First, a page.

to be sophisticated consumers rather than passive victims. These findings

are also echoed in research from the USA and Canada and increasingly

may be less a phenomenon of class position, but rather a demonstration of

the ‘success’ of medicalisation and technological birth (Fox and Worts,

1999; Davis-Floyd, 19 92 ).

In many societies, powerful moral and legal sanctions exist for those

who are regarded as not preparing appropriately to become amother, or

more importantly, to be acting irresponsibly, and putting the life of their

unborn child ‘at risk’. The exercise of agency and choices made by the

women in this study must, then, be considered within the context of a

powerful medical/health profession and associated authoritative knowledge

and practices. These are then reinforced through culturally and

socially circumscribed beliefs in appropriate ways of becoming and

being a mother. The anticipatory narratives constructed during the

antenatal (prenatal) period were both complex and, apparently,

unproblematic. Women presented accounts in which they spoke of

their appropriate actions around preparation. They attended antenatal

clinics, went to parent-craft classes, had ultrasound scans and changed

their diets and socialising habits. Interestingly, having claimed not to

have expectations of what being pregnant would be like, the women

produced narratives which were built upon shared assumptions and

stereotypes of what pregnancy entailed. When the women described

less enjoyable aspects of their pregnancy, they quickly reverted to language

they perceived to be more acceptable. In the following extract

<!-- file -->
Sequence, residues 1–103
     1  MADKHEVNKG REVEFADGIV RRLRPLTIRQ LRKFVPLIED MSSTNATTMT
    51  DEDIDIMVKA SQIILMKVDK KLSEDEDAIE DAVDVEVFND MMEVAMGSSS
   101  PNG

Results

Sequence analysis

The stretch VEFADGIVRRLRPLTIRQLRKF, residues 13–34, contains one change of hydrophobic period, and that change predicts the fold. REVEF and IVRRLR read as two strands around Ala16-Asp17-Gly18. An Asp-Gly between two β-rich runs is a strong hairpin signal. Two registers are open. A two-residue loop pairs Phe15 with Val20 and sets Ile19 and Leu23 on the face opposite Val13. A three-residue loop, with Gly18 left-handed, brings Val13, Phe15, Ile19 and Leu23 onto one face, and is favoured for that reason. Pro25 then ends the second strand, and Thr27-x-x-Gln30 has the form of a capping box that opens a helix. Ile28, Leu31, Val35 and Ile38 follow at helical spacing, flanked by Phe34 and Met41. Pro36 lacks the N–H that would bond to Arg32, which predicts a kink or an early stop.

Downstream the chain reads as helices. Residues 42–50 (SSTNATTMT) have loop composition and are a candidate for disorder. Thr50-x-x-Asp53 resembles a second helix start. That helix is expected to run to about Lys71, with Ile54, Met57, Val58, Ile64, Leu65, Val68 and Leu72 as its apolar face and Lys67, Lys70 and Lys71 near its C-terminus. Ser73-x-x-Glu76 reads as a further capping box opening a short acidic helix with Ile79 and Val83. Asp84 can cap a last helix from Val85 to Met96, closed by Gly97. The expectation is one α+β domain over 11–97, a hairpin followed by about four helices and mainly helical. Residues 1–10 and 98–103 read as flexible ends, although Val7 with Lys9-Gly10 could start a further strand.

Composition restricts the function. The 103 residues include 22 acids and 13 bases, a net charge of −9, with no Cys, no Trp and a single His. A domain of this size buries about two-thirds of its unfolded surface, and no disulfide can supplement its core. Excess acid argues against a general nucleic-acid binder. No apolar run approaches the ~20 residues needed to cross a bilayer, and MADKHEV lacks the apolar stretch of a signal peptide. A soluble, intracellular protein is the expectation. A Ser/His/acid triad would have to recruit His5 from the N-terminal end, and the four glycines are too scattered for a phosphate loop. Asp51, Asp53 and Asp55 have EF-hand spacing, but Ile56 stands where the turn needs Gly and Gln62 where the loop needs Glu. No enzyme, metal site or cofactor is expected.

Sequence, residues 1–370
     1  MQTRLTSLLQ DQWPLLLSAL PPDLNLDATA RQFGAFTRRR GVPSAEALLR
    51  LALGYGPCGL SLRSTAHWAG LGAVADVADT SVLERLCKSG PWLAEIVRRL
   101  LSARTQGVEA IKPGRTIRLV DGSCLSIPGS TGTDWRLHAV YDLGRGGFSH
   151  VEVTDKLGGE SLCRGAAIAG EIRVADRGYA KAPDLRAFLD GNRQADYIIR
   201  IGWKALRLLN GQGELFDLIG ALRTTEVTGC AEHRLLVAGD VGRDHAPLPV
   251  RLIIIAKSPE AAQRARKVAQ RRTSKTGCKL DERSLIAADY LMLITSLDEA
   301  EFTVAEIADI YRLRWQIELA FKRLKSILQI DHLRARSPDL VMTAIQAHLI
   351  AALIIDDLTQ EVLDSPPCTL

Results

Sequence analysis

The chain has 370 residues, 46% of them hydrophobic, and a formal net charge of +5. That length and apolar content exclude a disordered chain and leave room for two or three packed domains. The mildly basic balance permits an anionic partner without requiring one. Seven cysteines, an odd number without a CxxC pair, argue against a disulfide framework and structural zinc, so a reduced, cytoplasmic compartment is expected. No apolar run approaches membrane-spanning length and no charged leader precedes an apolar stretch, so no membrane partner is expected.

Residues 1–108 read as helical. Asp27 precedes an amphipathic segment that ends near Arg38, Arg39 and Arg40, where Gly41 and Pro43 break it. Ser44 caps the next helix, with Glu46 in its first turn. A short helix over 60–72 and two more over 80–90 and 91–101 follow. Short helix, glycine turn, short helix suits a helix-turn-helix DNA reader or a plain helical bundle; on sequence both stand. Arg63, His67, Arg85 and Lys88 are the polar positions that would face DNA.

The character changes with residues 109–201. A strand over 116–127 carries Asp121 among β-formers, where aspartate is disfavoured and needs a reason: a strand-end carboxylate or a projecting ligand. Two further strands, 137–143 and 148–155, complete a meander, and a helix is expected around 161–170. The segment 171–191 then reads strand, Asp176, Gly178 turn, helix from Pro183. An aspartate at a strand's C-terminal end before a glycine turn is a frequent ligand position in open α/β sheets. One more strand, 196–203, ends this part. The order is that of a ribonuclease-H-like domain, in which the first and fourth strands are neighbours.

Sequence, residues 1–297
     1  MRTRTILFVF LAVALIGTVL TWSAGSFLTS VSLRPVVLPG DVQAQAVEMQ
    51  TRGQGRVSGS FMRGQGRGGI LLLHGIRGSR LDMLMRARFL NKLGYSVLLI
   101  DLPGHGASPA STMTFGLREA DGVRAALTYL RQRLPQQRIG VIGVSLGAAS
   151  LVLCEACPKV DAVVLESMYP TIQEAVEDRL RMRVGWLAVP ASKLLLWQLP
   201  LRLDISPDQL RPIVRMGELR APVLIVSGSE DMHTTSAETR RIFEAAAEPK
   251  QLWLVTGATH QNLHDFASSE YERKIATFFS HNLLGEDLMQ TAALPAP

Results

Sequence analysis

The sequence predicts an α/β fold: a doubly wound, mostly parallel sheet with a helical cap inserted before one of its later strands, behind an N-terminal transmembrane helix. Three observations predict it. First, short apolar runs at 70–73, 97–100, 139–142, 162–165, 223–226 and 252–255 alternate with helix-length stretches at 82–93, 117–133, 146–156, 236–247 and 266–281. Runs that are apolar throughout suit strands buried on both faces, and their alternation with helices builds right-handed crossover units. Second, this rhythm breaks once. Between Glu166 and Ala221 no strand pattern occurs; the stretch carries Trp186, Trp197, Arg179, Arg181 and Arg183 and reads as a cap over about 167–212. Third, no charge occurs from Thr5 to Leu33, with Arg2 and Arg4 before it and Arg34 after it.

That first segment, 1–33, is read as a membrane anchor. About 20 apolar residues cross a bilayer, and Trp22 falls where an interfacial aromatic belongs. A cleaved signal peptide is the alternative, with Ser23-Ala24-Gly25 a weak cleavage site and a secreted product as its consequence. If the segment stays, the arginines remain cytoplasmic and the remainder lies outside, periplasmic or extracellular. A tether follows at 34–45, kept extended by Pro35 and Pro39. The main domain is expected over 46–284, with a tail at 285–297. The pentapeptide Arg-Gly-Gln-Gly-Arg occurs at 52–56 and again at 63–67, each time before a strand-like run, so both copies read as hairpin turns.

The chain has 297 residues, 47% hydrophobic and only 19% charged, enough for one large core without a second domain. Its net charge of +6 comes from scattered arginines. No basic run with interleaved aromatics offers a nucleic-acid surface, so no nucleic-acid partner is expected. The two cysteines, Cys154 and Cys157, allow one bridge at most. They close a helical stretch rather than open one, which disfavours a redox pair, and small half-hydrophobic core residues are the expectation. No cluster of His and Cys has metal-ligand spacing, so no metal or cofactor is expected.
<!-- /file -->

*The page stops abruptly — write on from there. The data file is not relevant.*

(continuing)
Linda, apparently sensing that the account she has narrated has been

rather negative, containing lengthy descriptions of how she did not like

the physical changes to her body and her sense of her body being ‘fat’,

concluded in the following way:

But I know that there’s going to be a bundle of joy at the end of the day and that’s

what I’m looking for . . .

To talk negatively about the pregnancy was construed as not preparing

appropriately, not being a ‘good’ mother-to-be, risking being

seen as irresponsible. In the following extract, Rebecca talks about

not passing her ‘apprehensive’ feelings about the pregnancy on to her

unborn baby:

But I’ve never ever throughout the whole pregnancy, and I hope I don’t, thought,

oh this is a mistake and I don’t like the baby, or anything like that. I’ve always kept

positive and talking to him or her and that kind of thing, because even in the

womb, well I think they can tell if you go off them and feel vindictive towards them

in any way, well not vindictive – it’s too strong a word, but . . . and I don’t want to

ever do that . . .

Rebecca’s own ‘policing’ of her account is interesting here. But showing

the complexities and contradictions within narratives, Rebecca had

earlier commented:

So I was just in the middle of changing my mind when I fell pregnant, so I did have

mixed emotions actually. To start with it was quite difficult, and also the hormones

bit I think made a difference, it does, doesn’t it? And so I think I was

probably quite grumpy and tearful and a bit moody, as well as all these other very

real worries and that kind of thing. So I was excited but had reservations as

well . . . in fact that was the good thing because when I first started telling people

everybody was so pleased, so pleased, that it made me pleased. That was actually

the turning point for me because up until then I’d been not exactly negative but

very, very apprehensive, I mean really apprehensive. And it was when I started

telling people that I actually felt better about it, because everybody thought,

I don’t know, I suppose they thought I would be a good mother or something,

because I do take it very seriously, and I was quite pleased that they obviously have

confidence in me.

Positive reactions to Rebecca’s disclosure of her pregnancy to family and

friends help her to envisage her self as a mother. She is reassured by their

perception of her capacity to be a ‘good mother’. The interactional

dimensions of selves are apparent here and will be returned to in subsequent

chapters.